I have some challenges when stopping the DB2 DDF function. It is expected for the DDF to stop immediately. However, lately I have had persistent threads that prevented this process to complete for upto 30 mins.
Are there any suggestions on how best to handle this process?
=DB2P- STOP DDF MODE(FORCE)
No checking done here
Then we start the DDF with the following command
No Checking done here
I sometimes see
DSNL024I =DB2P - DDF IS ALREADY IN THE PROCESS OF STOPPING
Not currently monitored for. This will be added to OPSMVS Msg rules
Then when the DDF Display is done with DETAILS it shows
DSNL080I =DB2P- DSNLTDDF DISPLAY DDF REPORT FOLLOWS: DSNL081I STATUS=STOPGF DSNL082I LOCATION LUNAME GENERICLU
Other than putting in a lot of code and checks and double checks, any easier way to handle this type of issue?
I am planning to implement R13.5 with SSM3 in the near future. Anything in there I can use?
If you are using SSM to control this task you may consider using the SSMCNTL sample rule and the FCYCLE function. If the current OPS release is 12.3 or older the SSMCNTL rule can be found in the CCLXSAMP library. If OPS is 13.0 or 13.5 then the sample rule can be found in the CCLXRULM library.
Please, read the comments section of this rule regarding the FCYCLE function. There are some actions that must be added to the action table for this function to work properly. The actions to be added are described in the label "Fcycle:" of the sample rule.
Basically, the FCYCLE function will stop a resource and restart only after it completes the shutdown.
The SSMCNTL rule works with both SSMV2 and SSMV3.
Carlos Mario Silveira Filho
Principal Support EngineerCA Technologies A Broadcom Company
So it sounds as if you are recycling just the DDF component of DB2 and not full DB2 stop/restart, is that correct? Either way, some version of the SHUTDB2 sample pgm could be utilized to perform cmd1, probe, issue cmd2, etc. We actually have added code to create a dynamic MSG rule on the DSNL006I event (DDF Stopped as a result of STOP DDF) that is used in the probe stage of SHUTDB2 to determine if MODE(FORCE) is required or should be bypassed and the logic move on to the next shutdown command (rather than issue DDF MODE(FORCE) and wait around again if it is not needed). Again, not sure of your exact details of the issue, but I'm sure SHUTDB2 can be used as a good template for whatever you are doing. As for comments of moving to SSM3 - pros and cons for moving off where you are with SSM (SSMv2) and depending on how much you customized SSM from out of the box functionality or how involved your SSM environment is, it may not be of any value to you. So just make sure you know what you gain and what you lose before going through the effort.
Basically we current do a LOG SUSPEND/STOP DDF/LOG RESUME/START DDF
This is for full volume dumps to be done later.
This particular instance, the DDF START failed on one DB2 system. We noticed later the DSNL024I message saying to could not be started because it was stopping. The DDF Stop command took almost 30 mins due to on TSO QMF user. When that user timed out, then the DDF Stop worked. But OPS/MVS no longer was monitoring for DDF Start up. I am looking to ensure that the DDF START command does work, or at least try to have OPS/MVS validate periodically that it is up. The DDF DISPLAY DETAILS would show STATUS=STARTED in our case STATS=STOPGF.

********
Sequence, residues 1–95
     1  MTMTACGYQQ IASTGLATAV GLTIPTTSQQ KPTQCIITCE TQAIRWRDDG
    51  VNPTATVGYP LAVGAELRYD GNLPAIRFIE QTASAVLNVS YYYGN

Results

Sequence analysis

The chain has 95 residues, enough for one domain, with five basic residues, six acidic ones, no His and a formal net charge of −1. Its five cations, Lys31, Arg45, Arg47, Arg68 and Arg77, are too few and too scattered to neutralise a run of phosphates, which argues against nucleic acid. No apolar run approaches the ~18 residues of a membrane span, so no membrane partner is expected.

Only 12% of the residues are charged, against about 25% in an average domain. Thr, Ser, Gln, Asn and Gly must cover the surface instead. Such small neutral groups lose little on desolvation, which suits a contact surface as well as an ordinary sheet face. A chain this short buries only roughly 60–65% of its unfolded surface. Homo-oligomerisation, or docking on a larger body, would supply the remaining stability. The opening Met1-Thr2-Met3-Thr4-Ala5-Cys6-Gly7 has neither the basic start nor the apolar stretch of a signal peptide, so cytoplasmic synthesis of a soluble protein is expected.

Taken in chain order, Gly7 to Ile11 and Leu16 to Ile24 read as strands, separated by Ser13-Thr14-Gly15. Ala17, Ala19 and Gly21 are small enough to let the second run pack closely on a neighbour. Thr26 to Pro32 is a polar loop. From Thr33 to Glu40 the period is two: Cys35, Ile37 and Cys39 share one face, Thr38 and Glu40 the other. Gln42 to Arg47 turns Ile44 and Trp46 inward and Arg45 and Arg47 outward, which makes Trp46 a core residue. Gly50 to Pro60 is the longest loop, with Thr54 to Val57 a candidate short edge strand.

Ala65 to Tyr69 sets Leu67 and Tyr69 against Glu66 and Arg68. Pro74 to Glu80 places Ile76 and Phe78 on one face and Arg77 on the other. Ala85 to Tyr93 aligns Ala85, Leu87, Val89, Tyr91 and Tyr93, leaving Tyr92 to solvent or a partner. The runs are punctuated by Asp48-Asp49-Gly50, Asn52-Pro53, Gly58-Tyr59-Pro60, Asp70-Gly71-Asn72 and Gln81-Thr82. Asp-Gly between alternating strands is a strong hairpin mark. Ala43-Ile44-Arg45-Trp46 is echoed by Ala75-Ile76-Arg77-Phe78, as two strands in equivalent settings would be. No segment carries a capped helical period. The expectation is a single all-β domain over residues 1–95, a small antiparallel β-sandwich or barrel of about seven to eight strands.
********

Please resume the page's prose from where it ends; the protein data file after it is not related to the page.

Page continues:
I don’t believe you will find any out-of-the-box sample to perform these exact procedures. While there is no magic button or easy method (without in depth code) there are enough samples that illustrate the main logic or foundation template of creating an ‘initiate and monitor’ application, such as the SHUTDB2, SHUTCICS,EOJXYS pgm. This main logic of course is driving an initial pgm to start the process or actions in a serialized approach (LOG SUSPEND, then when done/issued, STOP DDF, then when STATUS = STOPPED, next cmds, etc) needed to do ‘xyz’. Depending on the time for each process/action, a dynamic monitor TOD rule can be created to ‘continue’ the process (wakes up on some x mins interval for some allotted max time to monitor, perform next steps, alert of failures, indicate ‘all-done’.) This monitor and next step logic can be coded directly in the dynamic TOD rule, or simply re-drive the same pgm, passing a different argument to initiate a different ‘phase’ or phase1,phase2,phase3,etc logic based on the next firing interval for the TOD rule. The method of having the TOD rule drive the same program will allow you to create one focal application to do ‘xyz’ from start to finish.(rather than multiple pgms and rules). The number of phases in the pgm and the logic within each one will of course depend on the exact process (need to keep track of last actual command, query some variables set by events issued as a result of actions, etc). Sounds like a lot of work, but once you do get this ‘initiate and monitor’ template built to address this DDF automation, you will use it throughout all your ‘multi-process‘ automation. Hopefully this and a glance at the noted samples will get you going with creating this type of monitor application needed to resolve this issue.